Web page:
Ten years ago, Lindy Garnette faced one of a parent’s toughest challenges: She had to find psychological help for her child.
Her son, then 5, had bipolar disorder, a diagnosis that might lead to a lifetime of prescriptions, therapy and behavior modification.
“He has his good days and his not-so-good days,” said Garnette, who is now the director for children and family mental health services for the Virginia-based National Mental Health Association. “It’s still a struggle.”
Parents of children who need psychological treatment face a series of struggles. On top of the still-present stigma of mental illness, there’s the search for competent and appropriate professionals and the battle with health-insurance providers to fund the sometimes long-term therapy needed.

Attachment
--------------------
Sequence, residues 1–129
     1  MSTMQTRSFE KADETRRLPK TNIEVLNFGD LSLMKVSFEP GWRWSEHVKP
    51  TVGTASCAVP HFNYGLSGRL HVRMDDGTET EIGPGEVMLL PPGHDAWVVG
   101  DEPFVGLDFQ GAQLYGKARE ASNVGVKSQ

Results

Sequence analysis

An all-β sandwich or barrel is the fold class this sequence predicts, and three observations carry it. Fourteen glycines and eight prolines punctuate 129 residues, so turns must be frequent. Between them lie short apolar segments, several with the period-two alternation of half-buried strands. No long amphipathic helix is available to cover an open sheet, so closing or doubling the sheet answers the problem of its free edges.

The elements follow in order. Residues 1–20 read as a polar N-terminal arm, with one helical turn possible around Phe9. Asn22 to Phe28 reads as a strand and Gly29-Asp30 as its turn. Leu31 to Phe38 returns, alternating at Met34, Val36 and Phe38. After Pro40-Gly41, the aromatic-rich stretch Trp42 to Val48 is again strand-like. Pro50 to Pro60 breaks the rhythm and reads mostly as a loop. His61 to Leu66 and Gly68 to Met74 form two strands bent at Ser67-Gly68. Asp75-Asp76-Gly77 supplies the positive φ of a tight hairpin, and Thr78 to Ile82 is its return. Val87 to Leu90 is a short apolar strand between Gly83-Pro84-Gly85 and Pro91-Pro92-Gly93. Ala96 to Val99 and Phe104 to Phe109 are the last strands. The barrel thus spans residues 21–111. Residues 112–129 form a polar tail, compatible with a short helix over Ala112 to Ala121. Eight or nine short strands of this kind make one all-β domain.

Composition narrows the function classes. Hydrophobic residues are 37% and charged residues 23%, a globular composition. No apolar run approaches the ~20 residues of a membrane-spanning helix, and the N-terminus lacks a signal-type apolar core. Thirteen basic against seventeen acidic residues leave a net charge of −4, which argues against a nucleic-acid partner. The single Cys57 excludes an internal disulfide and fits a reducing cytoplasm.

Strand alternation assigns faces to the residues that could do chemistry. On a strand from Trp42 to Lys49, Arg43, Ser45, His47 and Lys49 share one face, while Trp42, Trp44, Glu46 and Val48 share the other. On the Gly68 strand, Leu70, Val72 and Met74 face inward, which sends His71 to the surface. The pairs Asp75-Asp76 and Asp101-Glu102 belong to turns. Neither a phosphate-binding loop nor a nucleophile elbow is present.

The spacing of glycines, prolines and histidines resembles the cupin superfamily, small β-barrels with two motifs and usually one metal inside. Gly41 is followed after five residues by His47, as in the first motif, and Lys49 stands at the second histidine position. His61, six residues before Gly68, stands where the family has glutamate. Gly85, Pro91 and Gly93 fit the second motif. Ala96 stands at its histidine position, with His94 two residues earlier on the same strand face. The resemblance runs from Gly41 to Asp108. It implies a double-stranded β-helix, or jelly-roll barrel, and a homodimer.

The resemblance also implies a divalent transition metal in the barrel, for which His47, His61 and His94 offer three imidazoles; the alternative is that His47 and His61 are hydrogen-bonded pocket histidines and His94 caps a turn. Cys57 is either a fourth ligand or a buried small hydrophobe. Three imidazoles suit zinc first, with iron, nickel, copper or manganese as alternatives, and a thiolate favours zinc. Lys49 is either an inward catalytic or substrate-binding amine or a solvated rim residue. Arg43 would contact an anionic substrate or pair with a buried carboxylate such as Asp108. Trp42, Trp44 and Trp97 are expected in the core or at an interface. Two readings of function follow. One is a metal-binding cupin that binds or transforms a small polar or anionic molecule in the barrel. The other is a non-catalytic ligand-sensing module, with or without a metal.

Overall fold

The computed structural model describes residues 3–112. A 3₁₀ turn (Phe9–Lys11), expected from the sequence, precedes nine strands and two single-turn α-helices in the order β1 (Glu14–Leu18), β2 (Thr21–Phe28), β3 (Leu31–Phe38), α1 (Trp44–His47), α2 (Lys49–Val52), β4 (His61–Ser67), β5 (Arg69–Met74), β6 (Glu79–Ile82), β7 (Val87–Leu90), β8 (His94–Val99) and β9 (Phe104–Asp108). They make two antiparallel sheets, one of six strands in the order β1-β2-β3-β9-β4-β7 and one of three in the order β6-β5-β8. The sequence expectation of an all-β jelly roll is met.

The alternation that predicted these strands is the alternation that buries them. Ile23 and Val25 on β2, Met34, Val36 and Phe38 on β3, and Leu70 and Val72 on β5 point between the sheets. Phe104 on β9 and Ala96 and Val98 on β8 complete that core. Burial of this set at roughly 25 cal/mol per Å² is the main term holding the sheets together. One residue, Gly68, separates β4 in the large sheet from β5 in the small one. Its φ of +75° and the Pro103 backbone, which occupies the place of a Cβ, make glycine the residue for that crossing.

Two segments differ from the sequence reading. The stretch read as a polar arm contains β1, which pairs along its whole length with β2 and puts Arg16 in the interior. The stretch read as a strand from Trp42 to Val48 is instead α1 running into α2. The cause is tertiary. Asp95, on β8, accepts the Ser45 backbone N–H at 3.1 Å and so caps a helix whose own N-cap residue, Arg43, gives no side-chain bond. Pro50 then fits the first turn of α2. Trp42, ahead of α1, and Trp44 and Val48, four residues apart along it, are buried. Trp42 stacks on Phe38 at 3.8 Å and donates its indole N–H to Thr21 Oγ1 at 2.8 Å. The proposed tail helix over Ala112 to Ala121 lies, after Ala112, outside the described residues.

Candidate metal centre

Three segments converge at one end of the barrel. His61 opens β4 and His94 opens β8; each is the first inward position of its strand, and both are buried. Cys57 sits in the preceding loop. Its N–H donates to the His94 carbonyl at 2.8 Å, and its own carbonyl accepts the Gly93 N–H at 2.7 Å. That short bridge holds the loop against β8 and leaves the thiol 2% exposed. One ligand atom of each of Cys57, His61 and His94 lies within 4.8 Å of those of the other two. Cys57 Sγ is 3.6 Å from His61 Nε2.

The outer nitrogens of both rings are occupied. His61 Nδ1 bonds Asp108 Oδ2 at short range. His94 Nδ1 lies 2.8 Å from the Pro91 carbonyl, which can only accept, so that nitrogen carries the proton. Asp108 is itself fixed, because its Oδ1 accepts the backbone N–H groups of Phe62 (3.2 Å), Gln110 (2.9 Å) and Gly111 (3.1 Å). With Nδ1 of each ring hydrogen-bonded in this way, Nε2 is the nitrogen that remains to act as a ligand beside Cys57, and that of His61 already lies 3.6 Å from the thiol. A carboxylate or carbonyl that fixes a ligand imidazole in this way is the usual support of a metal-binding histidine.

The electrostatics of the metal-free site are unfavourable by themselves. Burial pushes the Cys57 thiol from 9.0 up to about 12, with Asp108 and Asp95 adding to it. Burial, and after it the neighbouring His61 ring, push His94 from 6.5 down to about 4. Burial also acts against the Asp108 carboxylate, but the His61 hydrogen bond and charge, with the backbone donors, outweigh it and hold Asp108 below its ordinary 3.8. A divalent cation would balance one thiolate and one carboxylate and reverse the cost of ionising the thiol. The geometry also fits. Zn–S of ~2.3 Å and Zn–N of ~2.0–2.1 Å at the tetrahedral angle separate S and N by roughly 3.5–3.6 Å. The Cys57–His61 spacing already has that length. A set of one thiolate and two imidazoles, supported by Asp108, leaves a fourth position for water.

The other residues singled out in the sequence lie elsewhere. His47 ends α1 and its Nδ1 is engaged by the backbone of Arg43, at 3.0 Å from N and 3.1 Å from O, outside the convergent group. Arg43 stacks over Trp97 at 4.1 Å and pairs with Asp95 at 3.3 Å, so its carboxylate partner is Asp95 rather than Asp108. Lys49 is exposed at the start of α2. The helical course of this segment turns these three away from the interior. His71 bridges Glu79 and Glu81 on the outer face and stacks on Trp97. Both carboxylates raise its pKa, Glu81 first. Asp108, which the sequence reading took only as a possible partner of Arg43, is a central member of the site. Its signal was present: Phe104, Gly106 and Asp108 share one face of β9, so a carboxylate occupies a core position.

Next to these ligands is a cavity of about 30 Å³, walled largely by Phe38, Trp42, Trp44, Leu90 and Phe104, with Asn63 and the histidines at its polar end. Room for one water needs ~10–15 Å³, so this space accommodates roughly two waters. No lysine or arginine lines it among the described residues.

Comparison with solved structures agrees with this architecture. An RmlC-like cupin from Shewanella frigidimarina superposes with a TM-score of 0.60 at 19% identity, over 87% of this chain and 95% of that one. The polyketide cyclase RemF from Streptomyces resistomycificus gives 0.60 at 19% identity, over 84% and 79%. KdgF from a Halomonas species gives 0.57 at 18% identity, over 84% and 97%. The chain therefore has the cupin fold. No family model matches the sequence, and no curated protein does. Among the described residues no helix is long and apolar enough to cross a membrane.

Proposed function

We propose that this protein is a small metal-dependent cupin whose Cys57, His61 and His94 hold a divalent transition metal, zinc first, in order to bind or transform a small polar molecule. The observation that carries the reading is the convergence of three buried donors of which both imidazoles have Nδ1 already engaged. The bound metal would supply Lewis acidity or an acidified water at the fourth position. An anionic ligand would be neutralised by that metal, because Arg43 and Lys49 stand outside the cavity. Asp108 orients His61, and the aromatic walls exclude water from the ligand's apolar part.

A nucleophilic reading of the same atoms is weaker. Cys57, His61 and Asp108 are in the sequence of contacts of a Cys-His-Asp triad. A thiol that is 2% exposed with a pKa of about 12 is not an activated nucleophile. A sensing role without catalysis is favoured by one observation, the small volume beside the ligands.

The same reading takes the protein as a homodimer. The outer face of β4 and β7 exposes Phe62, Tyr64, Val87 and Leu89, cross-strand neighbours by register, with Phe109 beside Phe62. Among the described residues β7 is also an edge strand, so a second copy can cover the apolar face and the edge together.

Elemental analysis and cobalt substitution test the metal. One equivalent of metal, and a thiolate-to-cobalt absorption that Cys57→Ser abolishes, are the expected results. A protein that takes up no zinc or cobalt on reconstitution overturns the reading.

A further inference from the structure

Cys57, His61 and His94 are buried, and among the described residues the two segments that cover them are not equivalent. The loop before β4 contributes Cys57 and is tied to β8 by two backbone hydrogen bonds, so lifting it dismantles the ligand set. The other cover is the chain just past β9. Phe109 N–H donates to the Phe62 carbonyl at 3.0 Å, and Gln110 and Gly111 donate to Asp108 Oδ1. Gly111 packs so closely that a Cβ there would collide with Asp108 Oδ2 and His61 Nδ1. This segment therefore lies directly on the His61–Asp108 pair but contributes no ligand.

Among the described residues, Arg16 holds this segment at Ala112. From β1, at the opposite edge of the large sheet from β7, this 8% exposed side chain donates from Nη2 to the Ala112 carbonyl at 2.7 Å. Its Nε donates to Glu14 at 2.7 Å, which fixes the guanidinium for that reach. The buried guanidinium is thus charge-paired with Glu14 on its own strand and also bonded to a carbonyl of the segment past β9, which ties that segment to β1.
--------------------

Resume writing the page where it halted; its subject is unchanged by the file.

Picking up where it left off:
But, Garnett and others say, a little guidance and a lot of perseverance can make finding a good match for your child easier.
Do You Need Therapy?
Psychologist Kevin Leman’s first advice to parents is: “Don’t find a therapist for your child.”
“If there’s a problem and you want to seek outside help, you go,” said Leman, a Tucson, Ariz.-based psychologist, father of five and author of 21 books. “Rushing your kids off to the shrink is not good.”